Archive for category Hardware
NanoPi NEO Plus2 is a brand new board released by FriendlyELEC. It’s slightly bigger than the NEO2 board, and packed with much more cool stuff: 1GB RAM, Wifi+Bluetooth module, and 8GB eMMC chip. It has also two USB2.0 port connected to independent USB controllers.
The NanoPi NEO Plus2 Basic Kit accompanies the board with an acrylic enclosure, and the first orders are delivered with an UART USB adapter. They also listed an antenna, but I did not receive it in my kit. Anyway I have a better option, a flat self-adhesive antenna like this one.
The acrylic enclosure is about two times thicker than that for NEO boards, and it also has a hole for antenna mount. I added 8 pieces of M2.5 washers and 4 M3 pillars to the original design, to make it more long-lasting. The photo below has the UART adapter plugged in.
Armbian still needs some work to be done to support this new board. But the Ubuntu image that is available from FriendlyELEC is quite enough to demonstrate all the hardware capabilities. Unlike Armbian, it does not mount /tmp and /var/log as tmpfs, so the SD card may experience a faster wearing.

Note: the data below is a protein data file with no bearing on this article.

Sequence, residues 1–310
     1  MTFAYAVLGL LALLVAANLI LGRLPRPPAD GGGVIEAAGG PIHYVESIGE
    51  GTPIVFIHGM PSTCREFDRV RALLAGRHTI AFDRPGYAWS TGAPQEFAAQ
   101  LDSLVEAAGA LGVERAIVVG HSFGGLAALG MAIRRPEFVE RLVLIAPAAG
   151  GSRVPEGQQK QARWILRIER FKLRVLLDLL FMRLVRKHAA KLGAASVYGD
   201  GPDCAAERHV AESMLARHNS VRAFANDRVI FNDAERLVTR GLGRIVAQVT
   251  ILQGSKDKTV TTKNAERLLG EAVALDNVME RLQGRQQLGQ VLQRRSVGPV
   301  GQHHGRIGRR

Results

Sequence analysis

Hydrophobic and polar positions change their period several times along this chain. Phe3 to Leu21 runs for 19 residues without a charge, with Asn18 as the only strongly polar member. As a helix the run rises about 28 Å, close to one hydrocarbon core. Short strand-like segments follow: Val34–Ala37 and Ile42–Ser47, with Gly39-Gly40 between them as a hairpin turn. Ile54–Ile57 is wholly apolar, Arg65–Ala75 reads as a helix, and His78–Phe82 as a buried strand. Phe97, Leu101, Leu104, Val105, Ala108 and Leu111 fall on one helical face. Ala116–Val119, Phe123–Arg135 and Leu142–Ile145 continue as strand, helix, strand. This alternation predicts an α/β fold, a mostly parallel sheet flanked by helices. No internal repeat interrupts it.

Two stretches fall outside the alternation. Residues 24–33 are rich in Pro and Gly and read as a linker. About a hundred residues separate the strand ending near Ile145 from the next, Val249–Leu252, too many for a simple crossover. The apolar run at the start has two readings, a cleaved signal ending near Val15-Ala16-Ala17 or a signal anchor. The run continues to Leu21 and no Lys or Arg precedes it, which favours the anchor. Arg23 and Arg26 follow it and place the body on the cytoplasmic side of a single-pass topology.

Our good old Samsung Galaxy Tab 3 7.0 Kids Tablet has finally died after over 3 years of everyday heavy use, so I needed a new solution. So far, here is the best combination that I could find:
This silicon case for Samsung Galaxy TAB A 7″ SM-T280 is a solid and protective piece, and it allows the kids hold the tablet with their little hands without slipping off. It also works as a stand, so it’s very convenient for watching videos.
The Samsung Galaxy Tab A (7″, 8GB, Metallic Black) fits perfectly into the protective case. The tablet is coming with preinstalled “Kids Mode” application, which is pretty neat, but very restrictive: the kid can watch only the videos on SD card that you mark as safe, and YouTube is not available. You can install kid-safe YouTube wrappers from the Play market, but it’s a bit too much hassle to my taste.